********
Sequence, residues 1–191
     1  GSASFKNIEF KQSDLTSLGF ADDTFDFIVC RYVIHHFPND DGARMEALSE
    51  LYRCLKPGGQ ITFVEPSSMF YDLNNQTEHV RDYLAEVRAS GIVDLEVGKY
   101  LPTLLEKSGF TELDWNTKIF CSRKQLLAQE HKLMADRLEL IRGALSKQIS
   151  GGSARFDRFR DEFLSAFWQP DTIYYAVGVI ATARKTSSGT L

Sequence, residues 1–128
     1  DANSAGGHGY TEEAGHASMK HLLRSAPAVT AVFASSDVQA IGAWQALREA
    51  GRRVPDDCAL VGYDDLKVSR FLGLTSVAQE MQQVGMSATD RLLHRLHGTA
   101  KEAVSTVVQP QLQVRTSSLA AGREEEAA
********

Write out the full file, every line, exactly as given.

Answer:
Sequence, residues 1–191
     1  GSASFKNIEF KQSDLTSLGF ADDTFDFIVC RYVIHHFPND DGARMEALSE
    51  LYRCLKPGGQ ITFVEPSSMF YDLNNQTEHV RDYLAEVRAS GIVDLEVGKY
   101  LPTLLEKSGF TELDWNTKIF CSRKQLLAQE HKLMADRLEL IRGALSKQIS
   151  GGSARFDRFR DEFLSAFWQP DTIYYAVGVI ATARKTSSGT L

Sequence, residues 1–128
     1  DANSAGGHGY TEEAGHASMK HLLRSAPAVT AVFASSDVQA IGAWQALREA
    51  GRRVPDDCAL VGYDDLKVSR FLGLTSVAQE MQQVGMSATD RLLHRLHGTA
   101  KEAVSTVVQP QLQVRTSSLA AGREEEAA